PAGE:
10. Team: what is the current composition of your current team (types of roles, qualifications, full-time vs. part-time, board members, etc.), and how do you plan to evolve the team’s composition as the project grows?
A team of 22 people: conservation planners joining the dots between a company's business need and conservation action; urban restoration specialists expert in seeing possibilities for nature in urban lands; certification experts who oversee Conservation Certification; education professionals linking corporate and community conservation to formal and informal education; a leadership team that bridges departmental expertise and; a president who literally wrote the book on corporate conservation.
11. How did you hear about this challenge?
12. Connection to Biodiversity: How does your project directly contributes to preserving and/or restoring biodiversity? Please share data to support your answer.
WHC has close to 700 certified conservation programs. To be certified, the conservation program must meet a set of criteria established by external stakeholders in an application form that seeks answers to a series of questions scored by independent reviewers. Scores are calculated around conservation impact, corporate impact and conservation education impact. From this a level of certification is assigned – certified, certified silver and certified gold. Every certified program has a positive impact on biodiversity, the higher the score, the greater the impact. A program cannot be certified without a positive impact on biodiversity. These impacts range from a multi-season pollinator garden in an urban landscape to a mine site reclamation restoring mangrove swamps. Every certified program is locally appropriate and in alignment with established conservation objectives. WHC has over 2 million acres in active conservation on lands of all types focused on species both rare and common.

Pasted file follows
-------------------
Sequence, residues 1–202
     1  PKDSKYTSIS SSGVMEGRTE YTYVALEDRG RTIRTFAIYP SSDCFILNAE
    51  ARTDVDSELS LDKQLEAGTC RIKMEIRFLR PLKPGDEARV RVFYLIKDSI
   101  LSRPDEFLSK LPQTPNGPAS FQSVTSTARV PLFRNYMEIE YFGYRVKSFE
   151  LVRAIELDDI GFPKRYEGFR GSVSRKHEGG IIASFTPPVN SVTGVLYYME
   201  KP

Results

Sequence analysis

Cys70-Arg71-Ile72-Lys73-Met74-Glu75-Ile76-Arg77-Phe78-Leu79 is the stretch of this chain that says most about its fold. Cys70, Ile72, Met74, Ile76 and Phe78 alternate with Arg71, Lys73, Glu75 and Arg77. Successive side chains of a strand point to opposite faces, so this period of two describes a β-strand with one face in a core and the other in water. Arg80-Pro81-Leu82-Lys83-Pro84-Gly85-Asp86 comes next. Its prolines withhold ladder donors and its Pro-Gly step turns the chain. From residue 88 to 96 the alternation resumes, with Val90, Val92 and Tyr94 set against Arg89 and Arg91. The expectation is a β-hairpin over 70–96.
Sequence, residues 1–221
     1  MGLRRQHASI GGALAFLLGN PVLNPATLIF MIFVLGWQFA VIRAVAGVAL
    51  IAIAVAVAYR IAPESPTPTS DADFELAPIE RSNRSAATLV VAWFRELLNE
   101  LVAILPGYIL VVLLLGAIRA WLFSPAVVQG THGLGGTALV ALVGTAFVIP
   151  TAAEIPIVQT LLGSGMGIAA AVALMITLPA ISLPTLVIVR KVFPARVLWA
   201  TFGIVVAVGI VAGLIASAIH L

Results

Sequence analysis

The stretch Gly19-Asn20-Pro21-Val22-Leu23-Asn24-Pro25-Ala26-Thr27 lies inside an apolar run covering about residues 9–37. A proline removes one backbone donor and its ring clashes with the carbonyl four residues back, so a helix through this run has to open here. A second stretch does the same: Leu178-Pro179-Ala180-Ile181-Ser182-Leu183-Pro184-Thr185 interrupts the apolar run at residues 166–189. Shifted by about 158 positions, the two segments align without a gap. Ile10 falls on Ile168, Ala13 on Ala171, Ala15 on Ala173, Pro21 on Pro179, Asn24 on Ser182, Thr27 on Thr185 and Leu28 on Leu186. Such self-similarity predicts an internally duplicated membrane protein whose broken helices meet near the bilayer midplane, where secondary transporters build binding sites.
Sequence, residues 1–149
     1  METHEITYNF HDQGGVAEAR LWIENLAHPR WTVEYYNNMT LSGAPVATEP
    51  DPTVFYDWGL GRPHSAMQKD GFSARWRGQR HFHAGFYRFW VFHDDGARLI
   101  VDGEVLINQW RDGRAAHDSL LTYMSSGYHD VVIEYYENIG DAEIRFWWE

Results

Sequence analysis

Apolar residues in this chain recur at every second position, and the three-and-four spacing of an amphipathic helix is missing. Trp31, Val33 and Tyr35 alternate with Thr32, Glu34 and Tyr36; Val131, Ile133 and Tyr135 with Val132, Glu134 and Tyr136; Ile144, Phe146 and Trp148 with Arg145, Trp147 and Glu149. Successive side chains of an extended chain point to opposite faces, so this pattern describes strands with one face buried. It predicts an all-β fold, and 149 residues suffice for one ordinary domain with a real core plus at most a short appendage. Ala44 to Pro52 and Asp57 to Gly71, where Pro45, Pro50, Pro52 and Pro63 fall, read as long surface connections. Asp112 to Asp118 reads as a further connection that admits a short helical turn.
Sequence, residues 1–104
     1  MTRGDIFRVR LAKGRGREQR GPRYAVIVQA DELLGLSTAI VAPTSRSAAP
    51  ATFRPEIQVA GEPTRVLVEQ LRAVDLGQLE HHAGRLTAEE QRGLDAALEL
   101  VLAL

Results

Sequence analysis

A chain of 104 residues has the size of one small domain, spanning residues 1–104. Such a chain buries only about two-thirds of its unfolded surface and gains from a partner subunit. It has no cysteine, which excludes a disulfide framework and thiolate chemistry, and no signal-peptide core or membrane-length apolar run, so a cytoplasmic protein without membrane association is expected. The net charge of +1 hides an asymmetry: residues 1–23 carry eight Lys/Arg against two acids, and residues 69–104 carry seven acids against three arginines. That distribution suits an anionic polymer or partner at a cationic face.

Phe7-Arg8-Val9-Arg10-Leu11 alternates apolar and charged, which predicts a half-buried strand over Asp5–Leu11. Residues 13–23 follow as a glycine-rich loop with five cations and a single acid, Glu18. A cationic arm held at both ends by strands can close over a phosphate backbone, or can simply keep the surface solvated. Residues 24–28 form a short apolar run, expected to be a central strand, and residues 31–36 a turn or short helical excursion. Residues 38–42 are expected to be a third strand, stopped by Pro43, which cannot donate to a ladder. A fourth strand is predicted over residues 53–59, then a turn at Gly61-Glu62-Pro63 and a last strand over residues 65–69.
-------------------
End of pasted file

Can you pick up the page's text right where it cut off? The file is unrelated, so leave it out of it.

13. Example: Please walk us through one or two concrete examples that show how your solution will solve the problem you’re trying to address.